I recently delivered my first TEDx Talk, “The Exclusive Nature of Inclusion,” which saw me talk openly about my childhood experiences of bullying through a variety of perceived “differences” and the emotional challenges I faced around feeling safe, belonging, and having a contribution that mattered.
Given that inclusion is so connected to mental health and well-being, I find myself touching now on some of the key messages from my talk. It is so important that we, as recruiters, work with our clients to cultivate inclusive cultures in organizations.
In the 1940s, Abraham Maslow developed his concept of the “hierarchy of needs.” The theory is that human beings have a number of innate needs, and we cannot move up from one level of the hierarchy to the next until we have completely fulfilled the current level.
For example, the baseline level in Maslow’s hierarchy is physiological need. Air, food, and water all fall into this category. Without access to these, nothing else in life matters to us.
Assuming we have access to air, food, and water, we then move up to the safety needs. As the name suggests, this level is all about the need we have to feel safe. Whether that means a roof over our heads, security in our jobs, or comfort in our differences, this feeling of safety is a fundamental human need for us all. Without it, we cannot elevate to the third level: social need.
Often referred to as the “love and belonging level,” social need is arguably one of the most important levels of Maslow’s hierarchy. Humans simply aren’t designed to be loners. We need others around us in order to grow. Other people help us feel like part of something bigger than ourselves — a partnership, a family, a team — and that is a hugely powerful experience. Our social needs may be fulfilled through the intimacy of a partner or the camaraderie of a solid team at work. A lack of social belonging in our corporate lives is a major factor behind one of the most common reasons why people leave their jobs: not feeling valued.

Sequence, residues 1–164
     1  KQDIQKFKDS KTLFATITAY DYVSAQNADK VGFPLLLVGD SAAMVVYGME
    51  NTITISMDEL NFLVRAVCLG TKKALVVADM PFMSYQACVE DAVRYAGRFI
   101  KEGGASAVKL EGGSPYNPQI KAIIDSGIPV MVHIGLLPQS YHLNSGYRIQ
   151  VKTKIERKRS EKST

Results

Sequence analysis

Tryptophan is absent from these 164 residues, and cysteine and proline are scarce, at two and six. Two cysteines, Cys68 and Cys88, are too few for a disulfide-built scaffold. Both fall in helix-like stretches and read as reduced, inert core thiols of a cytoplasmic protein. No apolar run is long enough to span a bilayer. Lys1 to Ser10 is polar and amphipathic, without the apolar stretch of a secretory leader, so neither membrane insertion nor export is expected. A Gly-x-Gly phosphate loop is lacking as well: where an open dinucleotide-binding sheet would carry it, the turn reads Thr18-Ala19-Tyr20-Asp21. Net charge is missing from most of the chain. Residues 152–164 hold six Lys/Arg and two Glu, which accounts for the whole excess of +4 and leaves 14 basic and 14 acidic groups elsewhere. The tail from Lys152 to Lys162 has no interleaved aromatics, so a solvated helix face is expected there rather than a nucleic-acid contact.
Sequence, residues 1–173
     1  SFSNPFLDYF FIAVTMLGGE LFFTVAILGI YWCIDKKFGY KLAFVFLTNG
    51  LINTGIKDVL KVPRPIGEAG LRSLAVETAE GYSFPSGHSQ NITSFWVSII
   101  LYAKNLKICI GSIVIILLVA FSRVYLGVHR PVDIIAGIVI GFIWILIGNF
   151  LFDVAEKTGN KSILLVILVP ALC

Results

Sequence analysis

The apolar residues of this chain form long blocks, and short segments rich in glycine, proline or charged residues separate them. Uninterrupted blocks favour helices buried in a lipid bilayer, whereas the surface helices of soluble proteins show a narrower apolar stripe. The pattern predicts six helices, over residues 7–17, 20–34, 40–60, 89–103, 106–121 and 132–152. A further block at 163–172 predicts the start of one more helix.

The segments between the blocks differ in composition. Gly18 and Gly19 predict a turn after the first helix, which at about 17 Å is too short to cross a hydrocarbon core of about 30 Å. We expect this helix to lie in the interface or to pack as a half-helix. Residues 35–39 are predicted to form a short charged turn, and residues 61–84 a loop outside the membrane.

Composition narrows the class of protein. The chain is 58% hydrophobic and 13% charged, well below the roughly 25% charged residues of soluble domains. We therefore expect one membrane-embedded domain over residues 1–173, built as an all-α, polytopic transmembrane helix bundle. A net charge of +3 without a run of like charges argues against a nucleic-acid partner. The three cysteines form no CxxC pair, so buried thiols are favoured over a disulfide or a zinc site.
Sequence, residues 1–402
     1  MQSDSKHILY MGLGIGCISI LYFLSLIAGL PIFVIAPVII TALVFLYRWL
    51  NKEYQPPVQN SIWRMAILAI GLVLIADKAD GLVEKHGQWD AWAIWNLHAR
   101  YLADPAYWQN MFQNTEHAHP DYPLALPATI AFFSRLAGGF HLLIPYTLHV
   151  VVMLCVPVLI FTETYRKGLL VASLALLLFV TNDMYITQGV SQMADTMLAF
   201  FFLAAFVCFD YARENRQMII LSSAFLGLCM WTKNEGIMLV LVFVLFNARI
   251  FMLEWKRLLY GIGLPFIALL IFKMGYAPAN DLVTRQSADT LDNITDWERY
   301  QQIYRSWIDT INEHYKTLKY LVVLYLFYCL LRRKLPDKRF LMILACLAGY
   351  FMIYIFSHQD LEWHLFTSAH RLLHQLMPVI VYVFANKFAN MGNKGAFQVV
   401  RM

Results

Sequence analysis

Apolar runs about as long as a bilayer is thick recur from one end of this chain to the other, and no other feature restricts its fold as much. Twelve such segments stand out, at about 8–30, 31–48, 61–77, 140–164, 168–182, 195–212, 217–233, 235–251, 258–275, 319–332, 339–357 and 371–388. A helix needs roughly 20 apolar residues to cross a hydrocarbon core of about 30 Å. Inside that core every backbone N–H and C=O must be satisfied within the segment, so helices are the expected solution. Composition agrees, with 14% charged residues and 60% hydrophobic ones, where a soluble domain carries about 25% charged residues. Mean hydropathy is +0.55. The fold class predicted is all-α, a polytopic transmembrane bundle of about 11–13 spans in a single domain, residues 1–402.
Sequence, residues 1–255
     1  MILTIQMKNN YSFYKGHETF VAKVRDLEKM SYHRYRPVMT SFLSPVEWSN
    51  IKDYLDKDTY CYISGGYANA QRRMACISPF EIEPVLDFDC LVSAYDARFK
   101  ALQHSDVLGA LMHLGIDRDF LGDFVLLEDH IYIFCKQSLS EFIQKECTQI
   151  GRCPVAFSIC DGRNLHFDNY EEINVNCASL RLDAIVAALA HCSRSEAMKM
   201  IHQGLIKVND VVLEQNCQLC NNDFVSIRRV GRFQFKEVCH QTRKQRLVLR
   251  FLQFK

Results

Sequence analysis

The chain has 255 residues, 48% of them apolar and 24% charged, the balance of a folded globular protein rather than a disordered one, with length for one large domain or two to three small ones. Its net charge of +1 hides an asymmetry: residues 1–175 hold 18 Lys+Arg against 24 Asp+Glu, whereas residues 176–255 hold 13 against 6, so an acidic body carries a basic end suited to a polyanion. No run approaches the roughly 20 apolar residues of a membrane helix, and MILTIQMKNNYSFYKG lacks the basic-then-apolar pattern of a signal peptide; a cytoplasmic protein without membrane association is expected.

Once the need to belong is fulfilled, we move to the need for esteem. I call this the “ego level,” but I mean that in a positive sense. We all need to feel as though we have a role to play in our social group — a role that makes us feel good, a role in which our contributions to the world matter. Being given additional responsibility at work or being recognized for a personal achievement are just two of the ways our need for esteem can be fulfilled.
The pinnacle of Maslow’s hierarchy is self-actualization. This is the state to which we all aspire. It doesn’t necessarily correlate with financial wealth and personal success, although it can. Feeling self-actualized means having a true, deep sense of fulfillment in life. It is a feeling that can take us places — literally and metaphorically — we never dreamed possible.
It is worth remembering that the hierarchy is fluid, and work issues can influence personal motivation and vice versa. The key, however, is that understanding our own needs and the needs of those around us can help us take better care of our own mental health and the mental health of others.
Maslow’s hierarchy is a big part of my Tedx Talk because, for a long time, I was unfulfilled in terms of my safety, social, and esteem needs. That held me back in life, and it left me feeling hopeless and isolated. Maslow understood that all of us, regardless of who we are, need the same basic things. When he completed his research, he never included any caveats suggesting the needs of the LGBTQ community, people of color, people with disabilities, or any other group were different from the needs of human beings in general (not to my knowledge, at least).
As we recruiters support organizations in their recruitment efforts, we must be sure to check in with ourselves and ensure we have access to the people and resources we need to fulfill our basic human needs. We must also take time to check in with those around us to ensure they also have what they need. Educate your clients about diversity and inclusion and its connection to mental health and well-being. Work to make sure the candidates you place are entering office environments where their needs will be met.
A person should never have to feel hopeless and isolated — especially not at work. Plus, a healthy, motivated workforce is a productive one. Surely, that’s the world we all want to be a part of, isn’t it?